The Local Group
This flattened elliptical disk is our own Milky Way, a typical spiral galaxy. It travels in space with several satellite galaxies -- the irregular galaxies nearby are the Small and Large Magellanic Clouds of the southern skies of Earth. The Milky Way is a spiral galaxy of average size, containing roughly 1011 stars. The nearest major galaxy is the Andromeda spiral, just off the image to the lower left. Andromeda is approximately 2 million light years away -- about 20 times the diameter of our galaxy, and is thought to be somewhat larger than the Milky Way.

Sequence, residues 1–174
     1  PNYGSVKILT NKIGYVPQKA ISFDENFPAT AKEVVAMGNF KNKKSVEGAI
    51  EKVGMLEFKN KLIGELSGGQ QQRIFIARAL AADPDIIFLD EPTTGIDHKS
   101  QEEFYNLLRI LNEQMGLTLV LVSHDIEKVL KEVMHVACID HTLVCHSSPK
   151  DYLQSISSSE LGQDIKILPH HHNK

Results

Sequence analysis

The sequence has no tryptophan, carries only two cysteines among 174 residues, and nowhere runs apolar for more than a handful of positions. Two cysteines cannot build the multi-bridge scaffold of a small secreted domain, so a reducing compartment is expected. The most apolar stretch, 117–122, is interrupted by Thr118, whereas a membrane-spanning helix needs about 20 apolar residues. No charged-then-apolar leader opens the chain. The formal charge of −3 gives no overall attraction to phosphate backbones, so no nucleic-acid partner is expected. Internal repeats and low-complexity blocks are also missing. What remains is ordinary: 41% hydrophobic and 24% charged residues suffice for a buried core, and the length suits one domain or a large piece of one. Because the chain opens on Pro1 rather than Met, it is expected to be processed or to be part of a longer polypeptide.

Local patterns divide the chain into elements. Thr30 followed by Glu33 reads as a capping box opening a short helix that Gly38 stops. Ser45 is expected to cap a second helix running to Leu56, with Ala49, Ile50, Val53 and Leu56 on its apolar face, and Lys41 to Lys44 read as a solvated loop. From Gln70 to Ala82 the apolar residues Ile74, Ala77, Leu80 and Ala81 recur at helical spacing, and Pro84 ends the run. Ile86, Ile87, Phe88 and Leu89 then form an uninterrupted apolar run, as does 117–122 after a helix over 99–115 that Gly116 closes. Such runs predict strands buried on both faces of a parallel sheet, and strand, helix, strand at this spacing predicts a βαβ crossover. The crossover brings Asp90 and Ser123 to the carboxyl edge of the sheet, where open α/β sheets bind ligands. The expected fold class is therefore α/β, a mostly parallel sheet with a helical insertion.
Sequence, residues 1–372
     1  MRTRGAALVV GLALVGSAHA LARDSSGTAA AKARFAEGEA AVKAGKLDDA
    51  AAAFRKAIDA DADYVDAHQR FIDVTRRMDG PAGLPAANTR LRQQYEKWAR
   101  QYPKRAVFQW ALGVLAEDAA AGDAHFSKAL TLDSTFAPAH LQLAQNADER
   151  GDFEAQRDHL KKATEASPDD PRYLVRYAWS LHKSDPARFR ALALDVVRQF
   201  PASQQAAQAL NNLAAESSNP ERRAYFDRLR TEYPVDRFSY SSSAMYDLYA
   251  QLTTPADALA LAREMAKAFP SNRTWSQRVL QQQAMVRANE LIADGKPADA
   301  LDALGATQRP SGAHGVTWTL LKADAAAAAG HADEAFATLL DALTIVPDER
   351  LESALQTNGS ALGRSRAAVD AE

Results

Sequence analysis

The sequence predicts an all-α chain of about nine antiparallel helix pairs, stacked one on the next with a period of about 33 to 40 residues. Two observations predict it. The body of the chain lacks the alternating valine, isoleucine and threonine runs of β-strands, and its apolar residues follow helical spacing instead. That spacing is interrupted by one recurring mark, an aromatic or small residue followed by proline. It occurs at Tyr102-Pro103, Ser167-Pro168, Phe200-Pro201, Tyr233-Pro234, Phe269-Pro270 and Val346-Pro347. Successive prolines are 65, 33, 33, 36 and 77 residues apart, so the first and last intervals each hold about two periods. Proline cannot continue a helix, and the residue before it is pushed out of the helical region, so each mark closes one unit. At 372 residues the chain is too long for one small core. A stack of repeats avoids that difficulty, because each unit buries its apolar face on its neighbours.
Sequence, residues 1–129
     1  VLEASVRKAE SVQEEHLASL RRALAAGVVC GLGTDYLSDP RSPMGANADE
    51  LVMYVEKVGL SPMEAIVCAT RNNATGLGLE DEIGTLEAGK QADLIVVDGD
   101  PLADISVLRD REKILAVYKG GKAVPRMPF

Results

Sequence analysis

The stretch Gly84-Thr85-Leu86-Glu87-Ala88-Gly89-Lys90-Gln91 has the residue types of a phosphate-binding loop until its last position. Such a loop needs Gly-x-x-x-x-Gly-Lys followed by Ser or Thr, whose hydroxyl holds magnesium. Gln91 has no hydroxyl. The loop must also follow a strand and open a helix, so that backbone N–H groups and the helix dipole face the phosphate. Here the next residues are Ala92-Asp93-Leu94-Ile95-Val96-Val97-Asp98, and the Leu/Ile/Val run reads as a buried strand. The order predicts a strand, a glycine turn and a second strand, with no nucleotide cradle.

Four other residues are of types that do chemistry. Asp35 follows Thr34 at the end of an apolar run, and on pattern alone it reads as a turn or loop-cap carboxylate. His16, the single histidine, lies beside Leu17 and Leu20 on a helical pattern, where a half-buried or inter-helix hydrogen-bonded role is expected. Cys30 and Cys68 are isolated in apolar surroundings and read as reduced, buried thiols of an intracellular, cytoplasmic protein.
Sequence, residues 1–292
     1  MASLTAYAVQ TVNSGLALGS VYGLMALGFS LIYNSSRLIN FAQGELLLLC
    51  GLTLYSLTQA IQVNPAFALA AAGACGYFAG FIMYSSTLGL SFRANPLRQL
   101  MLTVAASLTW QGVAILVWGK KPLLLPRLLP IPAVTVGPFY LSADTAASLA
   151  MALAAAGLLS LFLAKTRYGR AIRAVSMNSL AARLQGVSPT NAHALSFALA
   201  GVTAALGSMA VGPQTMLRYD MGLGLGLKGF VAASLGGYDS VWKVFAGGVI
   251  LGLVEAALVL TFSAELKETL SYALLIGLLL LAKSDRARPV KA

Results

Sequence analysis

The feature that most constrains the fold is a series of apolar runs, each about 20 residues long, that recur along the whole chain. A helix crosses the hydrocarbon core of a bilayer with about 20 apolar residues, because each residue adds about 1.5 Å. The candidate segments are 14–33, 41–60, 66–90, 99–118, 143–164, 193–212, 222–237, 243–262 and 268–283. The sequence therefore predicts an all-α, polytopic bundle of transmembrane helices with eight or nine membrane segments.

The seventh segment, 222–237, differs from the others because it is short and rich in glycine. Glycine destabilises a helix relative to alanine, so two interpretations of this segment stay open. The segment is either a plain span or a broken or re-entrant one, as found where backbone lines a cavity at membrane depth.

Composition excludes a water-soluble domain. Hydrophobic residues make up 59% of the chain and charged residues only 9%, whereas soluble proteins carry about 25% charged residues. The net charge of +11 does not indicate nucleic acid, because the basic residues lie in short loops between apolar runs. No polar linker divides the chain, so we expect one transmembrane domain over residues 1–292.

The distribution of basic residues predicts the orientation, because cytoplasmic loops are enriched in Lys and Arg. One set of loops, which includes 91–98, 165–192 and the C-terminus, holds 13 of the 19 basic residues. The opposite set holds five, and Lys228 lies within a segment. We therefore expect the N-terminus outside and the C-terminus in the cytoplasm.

The size of individual galaxies with respect to the distance between them makes galaxies relatively much closer together than are the stars within them. It is therefore common for galaxies to collide without the stars within them colliding. One of the observed effects of galactic collisions is to increase the production of new stars within both galaxies due to the interaction of huge clouds of interstellar gas and dust. Slowly moving and rotating galaxies collide over periods of millions of years.
Copyright © 2016 by Bruce Bryson